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Bibek Debroy: Why we should move away from APMCs

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An agricultural policy cannot simply be a rice and wheat policy. Indeed, facilitated by free water, why should a state like Punjab grow a water-intensive crop like rice? Most people don’t know that even for rice and wheat, most procurement now takes place in states other than Punjab and Haryana.

Bibek Debroy: Why we should move away from APMCs
With limited word length of a column, let me focus on one of the three farm laws — the Farmers’ Produce Trade and Commerce (Promotion and Facilitation) Act, 2020.
First, in the last agricultural census (2015-16), there were 146 million agricultural holdings (this number may have increased further because of fragmentation). Measured in terms of the operated area, most holdings are in Rajasthan, Maharashtra, Uttar Pradesh and Madhya Pradesh. Measured in terms of the number of holdings, most are in UP, Bihar, Maharashtra and MP. Eighty-six percent of holdings are small and marginal (less than two hectares). Only 0.6 percent are large (more than 10 hectares). Therefore, if we have farmer interests in mind, we should also listen to farmers from Rajasthan, Maharashtra, UP, MP and Bihar, and not only to those who have large holdings.
Second, the definition of ‘farmer’ is contingent on owning agricultural land. We might want to change it, but this the way it is today. In 2009, a committee (‘State Agrarian Relations and the Unfinished Task in Land Reforms’) told us cadastral surveys and land revenue records are in bad shape. Until there are surveys/re-surveys, we won’t have clear land titles and won’t know the ‘farmer’.
Computerisation of old survey records is pointless. There is a Digital Indian Land Records Modernization Programme (DILRMP), with a dashboard. In that, surveys/re-surveys have been conducted in 11.5 percent of the total villages. But that’s not been done in a single one of Punjab’s villages. Using the data, the NCAER works out land records and services index. In the 2020 rankings, MP, Odisha and Maharashtra are at the top. Punjab and Haryana are 16th and 18th respectively. In 2017, West Bengal abolished land revenue. With no revenue records and imperfect surveys, I wonder whether some states are serious about ‘farmer interests’.
Third, I am sceptical about the antecedents of APMC (Agricultural Produce Market Committee) Acts. Antecedents go back to 1897, and the intention was to supply cheap cotton to Lancashire and Manchester.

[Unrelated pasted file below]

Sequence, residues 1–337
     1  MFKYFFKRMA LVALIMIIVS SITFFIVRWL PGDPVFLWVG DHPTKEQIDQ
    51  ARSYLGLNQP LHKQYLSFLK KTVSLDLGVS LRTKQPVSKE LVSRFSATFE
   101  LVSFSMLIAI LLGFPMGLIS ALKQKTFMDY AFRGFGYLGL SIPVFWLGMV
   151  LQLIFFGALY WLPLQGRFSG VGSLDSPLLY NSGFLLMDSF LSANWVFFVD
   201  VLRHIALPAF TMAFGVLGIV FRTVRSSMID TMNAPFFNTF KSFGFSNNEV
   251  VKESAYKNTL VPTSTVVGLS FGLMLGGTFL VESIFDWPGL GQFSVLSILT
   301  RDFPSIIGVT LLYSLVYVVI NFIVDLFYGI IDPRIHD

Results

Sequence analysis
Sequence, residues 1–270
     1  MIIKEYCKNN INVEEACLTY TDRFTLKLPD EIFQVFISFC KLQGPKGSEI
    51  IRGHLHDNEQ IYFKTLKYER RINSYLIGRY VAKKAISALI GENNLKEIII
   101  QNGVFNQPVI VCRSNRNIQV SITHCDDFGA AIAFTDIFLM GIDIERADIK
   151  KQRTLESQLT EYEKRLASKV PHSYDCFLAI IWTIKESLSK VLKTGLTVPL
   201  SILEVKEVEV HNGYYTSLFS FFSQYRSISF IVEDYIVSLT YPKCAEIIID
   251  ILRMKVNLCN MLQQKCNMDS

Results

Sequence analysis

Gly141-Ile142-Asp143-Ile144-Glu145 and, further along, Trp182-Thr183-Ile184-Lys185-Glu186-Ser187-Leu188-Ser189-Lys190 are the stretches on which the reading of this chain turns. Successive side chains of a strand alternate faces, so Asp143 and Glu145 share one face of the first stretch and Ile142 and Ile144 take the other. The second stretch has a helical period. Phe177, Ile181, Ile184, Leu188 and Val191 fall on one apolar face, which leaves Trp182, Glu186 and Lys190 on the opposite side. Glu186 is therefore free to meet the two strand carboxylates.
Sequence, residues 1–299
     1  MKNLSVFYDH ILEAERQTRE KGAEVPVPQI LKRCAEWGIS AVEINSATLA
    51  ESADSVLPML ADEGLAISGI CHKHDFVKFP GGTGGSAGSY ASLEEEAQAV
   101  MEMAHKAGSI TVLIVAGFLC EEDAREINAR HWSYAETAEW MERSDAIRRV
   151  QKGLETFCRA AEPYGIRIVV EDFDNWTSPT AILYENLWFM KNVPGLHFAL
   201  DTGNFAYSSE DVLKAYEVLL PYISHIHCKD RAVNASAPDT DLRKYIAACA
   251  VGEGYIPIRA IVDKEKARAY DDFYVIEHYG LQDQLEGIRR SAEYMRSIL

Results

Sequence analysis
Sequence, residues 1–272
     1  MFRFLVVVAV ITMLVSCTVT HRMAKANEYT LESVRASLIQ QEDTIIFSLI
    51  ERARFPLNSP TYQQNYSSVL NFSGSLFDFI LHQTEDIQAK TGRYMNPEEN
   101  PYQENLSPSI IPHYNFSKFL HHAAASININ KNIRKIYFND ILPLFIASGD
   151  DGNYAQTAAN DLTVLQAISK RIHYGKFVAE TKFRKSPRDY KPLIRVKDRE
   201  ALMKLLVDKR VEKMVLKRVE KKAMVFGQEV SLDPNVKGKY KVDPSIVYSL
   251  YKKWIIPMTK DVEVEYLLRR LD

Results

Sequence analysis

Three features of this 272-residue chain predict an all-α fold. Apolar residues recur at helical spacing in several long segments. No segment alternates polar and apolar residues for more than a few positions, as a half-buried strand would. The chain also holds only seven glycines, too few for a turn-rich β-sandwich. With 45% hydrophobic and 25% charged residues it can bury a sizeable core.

Historical research shows these did little to help farmers and was an indirect tax on farmers. Thereafter, the Royal Commission on Agriculture (1926) recommended the APMC Acts and following a 1931 Model Bill, some provinces passed such legislation. However, most states passed the APMC Acts in the period from the second half of the 1960s to the first half of 1980s. The number of regulated markets shot up from 146 in 1945 to 7,161 in 2001.
In other areas of economic policy-making, we are moving away from heavy-handed State intervention characterising the period from second-half of the 1960s to 1970s. Why not agriculture? By the way, the royal commission said market committees should not have licensed brokers as members. But all the APMC committees now have traders and commission agents as farmers. Indeed, mandi committees represent them more than farmers. For many mandi committees, elections have not been held for years.
Fourth, in the late 1960s, mandi fees were around one percent, and money collected was used, during the Green Revolution, to build infrastructure. The Economic Survey 2014-15 had some numbers, including all fees. For rice, it was 19.5 percent in Andhra Pradesh and 14.5 percent in Punjab. For wheat, it was 14.5 percent in Punjab and 11.5 percent in Haryana.
The farmer doesn’t get this, but the consumer has to pay. What is this money spent on, other than the obvious one of political funding? If reforms ensure choice to everyone, why shouldn’t farmers be free to sell through whatever channel they want, without having to mandatorily go through registered mandis? If mandis deliver services worth 10 percent and more, farmers will still go to mandis. But not through compulsion. Indeed, Bihar, Kerala, UP, MP, Gujarat and Karnataka clearly don’t want the APMCs. Either they didn’t have them ever (like Kerala), or they were repealed.
Fifth, other states have higher agricultural productivity (per hectare) than Punjab. Across crops, agricultural growth has been most wherever State intervention has been the least. It has been lowest for rice, wheat and sugarcane. That’s because there has been commercialisation and diversification of agriculture.
An agricultural policy cannot simply be a rice and wheat policy. Indeed, facilitated by free water, why should a state like Punjab grow a water-intensive crop like rice? Most people don’t know that even for rice and wheat, most procurement now takes place in states other than Punjab and Haryana.
These are the reasons why a large number of reports have advocated moving away from the APMC Acts — the National Commission on Agriculture (1976), the Task Force on Agricultural Marketing Norms (2001), the Millennium Study on Indian Farmers (2002), the Standing Committee of CMs (2002), the National Commission on Farmers (2004), the National Commission of Agriculture Ministers (2004) and many more. They should know.
Bibek Debroy is Chairman, Economic Advisory Council to the Prime Minister (EAC-PM), Government of India. Views are personal.
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